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Cons of remote surveillance
Employers also need to consider the downsides of using remote employee surveillance. Depending on how it’s done and what you track, it can have a negative effect.
If not done properly, remote employee surveillance can lead to significant legal challenges. The Electronic Communications Privacy Act of 1986 (ECPA) lays out specific prohibited activities. Collection or monitoring of some communications is illegal. For example, if employers captured information about an employee communicating with their lawyer on their personal computer during work hours, the employer might be guilty of unfair labor practices. If they accidentally capture banking, health, or login information, they might violate privacy laws.
Some states also have specific regulations about employee monitoring, including Maryland, Illinois, California, Connecticut, and Delaware.
If not done properly, remote employee surveillance can lead to significant legal challenges. The Electronic Communications Privacy Act of 1986 (ECPA) lays out specific prohibited activities.
Impact on morale
Even if employers have followed legal requirements and gained consent from employees, monitoring can have a negative impact on morale. When employees know that their activity is tracked, they can feel as if their employer doesn’t trust them. That doesn’t create a positive feeling towards the company, and it can significantly hurt engagement.
Lack of respect
While companies with highly engaged employees see a 22% lift in productivity and nearly 60% less employee turnover, when engagement is low, productivity suffers. Unengaged employees leave their jobs or, even worse, quit working but stay on the job.
One of the key reasons people quit their job is a lack of respect. Employees may see remote surveillance as a violation of their privacy. In a Gartner study, more than half of workers surveyed said they don’t trust their company with their data.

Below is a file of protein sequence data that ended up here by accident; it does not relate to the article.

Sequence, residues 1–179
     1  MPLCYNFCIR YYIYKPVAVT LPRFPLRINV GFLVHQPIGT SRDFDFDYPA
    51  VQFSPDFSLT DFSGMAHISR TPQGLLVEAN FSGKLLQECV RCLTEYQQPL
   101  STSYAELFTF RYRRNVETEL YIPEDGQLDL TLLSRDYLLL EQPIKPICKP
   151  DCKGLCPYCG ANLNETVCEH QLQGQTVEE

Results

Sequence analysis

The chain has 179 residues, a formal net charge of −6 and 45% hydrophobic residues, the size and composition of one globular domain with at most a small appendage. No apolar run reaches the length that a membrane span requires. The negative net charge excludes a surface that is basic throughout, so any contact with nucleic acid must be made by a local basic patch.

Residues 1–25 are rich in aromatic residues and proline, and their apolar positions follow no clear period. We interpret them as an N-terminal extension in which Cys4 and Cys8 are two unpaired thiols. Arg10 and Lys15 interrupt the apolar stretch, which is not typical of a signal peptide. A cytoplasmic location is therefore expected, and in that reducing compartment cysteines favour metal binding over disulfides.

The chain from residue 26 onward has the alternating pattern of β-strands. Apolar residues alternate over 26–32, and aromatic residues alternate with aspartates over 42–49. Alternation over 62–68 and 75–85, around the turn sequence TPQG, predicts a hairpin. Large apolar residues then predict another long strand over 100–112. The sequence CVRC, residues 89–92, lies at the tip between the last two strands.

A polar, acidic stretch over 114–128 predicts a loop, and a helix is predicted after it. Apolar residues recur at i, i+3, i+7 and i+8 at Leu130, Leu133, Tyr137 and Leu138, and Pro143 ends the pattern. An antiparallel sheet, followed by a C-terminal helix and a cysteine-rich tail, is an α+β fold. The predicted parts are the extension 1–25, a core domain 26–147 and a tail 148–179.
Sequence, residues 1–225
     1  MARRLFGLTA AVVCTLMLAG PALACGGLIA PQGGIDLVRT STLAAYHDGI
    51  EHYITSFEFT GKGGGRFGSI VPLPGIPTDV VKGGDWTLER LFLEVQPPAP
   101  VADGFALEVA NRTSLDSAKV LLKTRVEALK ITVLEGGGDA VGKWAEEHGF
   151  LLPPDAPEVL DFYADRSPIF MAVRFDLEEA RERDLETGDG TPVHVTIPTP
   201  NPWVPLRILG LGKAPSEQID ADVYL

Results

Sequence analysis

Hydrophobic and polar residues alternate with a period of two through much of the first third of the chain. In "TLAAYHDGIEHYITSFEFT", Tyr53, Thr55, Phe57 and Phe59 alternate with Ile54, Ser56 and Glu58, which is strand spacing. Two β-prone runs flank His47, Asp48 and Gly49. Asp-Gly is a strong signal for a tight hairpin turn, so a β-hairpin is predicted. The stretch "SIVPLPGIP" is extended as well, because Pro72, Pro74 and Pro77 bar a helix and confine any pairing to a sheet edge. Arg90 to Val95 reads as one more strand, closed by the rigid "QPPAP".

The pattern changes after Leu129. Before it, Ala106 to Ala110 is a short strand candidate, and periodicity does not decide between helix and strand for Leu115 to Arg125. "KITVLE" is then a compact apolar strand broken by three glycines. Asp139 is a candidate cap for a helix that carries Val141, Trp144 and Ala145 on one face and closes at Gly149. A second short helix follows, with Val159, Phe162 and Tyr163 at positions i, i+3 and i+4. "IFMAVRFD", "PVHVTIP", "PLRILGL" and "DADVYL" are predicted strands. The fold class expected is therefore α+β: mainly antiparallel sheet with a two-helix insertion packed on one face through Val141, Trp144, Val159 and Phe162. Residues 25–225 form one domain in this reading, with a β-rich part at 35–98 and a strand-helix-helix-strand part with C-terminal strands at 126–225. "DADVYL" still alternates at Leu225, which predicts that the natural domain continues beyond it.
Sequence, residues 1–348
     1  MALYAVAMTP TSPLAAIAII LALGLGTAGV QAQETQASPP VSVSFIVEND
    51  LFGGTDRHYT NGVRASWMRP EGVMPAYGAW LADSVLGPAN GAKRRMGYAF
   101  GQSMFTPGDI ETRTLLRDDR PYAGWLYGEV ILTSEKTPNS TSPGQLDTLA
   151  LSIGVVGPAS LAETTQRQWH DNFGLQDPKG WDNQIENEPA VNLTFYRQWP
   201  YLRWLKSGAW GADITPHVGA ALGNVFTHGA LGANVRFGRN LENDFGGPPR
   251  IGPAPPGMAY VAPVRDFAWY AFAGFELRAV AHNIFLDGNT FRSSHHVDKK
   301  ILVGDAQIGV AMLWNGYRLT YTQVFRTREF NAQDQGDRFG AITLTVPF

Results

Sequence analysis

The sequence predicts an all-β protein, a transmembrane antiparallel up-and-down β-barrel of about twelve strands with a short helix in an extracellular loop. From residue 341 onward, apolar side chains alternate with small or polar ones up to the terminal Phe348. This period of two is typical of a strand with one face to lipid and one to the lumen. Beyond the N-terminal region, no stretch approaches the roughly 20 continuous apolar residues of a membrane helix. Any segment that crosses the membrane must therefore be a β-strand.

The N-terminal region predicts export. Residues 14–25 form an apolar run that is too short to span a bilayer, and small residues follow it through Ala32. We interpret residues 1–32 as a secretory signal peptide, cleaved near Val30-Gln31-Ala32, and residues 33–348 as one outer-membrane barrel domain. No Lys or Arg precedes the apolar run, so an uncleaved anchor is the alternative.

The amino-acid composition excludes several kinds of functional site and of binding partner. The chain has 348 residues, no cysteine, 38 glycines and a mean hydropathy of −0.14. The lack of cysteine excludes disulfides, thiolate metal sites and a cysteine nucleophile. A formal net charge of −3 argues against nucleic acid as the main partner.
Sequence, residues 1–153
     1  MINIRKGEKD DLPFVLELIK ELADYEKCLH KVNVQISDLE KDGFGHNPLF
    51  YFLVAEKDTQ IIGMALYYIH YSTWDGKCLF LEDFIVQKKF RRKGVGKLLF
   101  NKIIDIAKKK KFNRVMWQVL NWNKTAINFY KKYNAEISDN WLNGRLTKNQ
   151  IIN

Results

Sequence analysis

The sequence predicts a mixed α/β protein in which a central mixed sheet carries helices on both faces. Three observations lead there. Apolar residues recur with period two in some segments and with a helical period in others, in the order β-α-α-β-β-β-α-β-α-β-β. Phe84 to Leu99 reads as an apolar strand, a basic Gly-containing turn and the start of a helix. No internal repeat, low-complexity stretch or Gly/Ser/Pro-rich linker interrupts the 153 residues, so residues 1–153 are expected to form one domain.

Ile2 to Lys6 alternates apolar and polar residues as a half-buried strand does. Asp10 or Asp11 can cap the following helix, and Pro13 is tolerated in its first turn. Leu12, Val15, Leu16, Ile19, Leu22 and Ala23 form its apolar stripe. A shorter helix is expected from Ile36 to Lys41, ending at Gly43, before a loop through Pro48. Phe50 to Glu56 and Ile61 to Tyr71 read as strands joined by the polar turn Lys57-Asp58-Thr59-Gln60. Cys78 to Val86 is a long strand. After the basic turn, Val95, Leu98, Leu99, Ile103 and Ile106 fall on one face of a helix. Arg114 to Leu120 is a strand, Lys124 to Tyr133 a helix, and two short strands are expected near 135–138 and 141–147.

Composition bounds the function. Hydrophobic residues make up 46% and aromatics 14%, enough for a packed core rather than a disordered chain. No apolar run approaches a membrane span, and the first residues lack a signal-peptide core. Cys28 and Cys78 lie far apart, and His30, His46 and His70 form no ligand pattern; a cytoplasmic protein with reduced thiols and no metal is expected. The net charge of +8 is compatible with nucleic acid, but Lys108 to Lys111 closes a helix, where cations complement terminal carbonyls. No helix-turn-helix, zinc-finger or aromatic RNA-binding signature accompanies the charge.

Alternatives to surveillance
For business leaders concerned about remote worker productivity, there are alternatives to employee surveillance.
You can still keep an eye on whether employees are getting the job done, but instead of surveilling them, you are tracking their progress by setting key performance indicators (KPIs), tracking deliverables, and communicating regularly.
Each remote worker should have their own set of KPIs based on employer expectations. KPIs need to be specific and measurable to provide an independent assessment of work.
Remote work requires making a shift from monitoring work hours to measuring results. When you track deliverables, you are measuring outcomes. Employees should have a clear expectation of deliverables. When they deliver, you know you’re getting the productivity you require.
Employees working at home require consistent communication. This helps build a positive culture and keeps everyone engaged in the process. Frequent communication helps monitor employee productivity and keeps workers focused on company goals.
Is remote employee surveillance right for you?
Whether you choose to use surveillance on your employees is up to you. Be aware of the potential negative consequences and consider whether other methods will achieve the same results.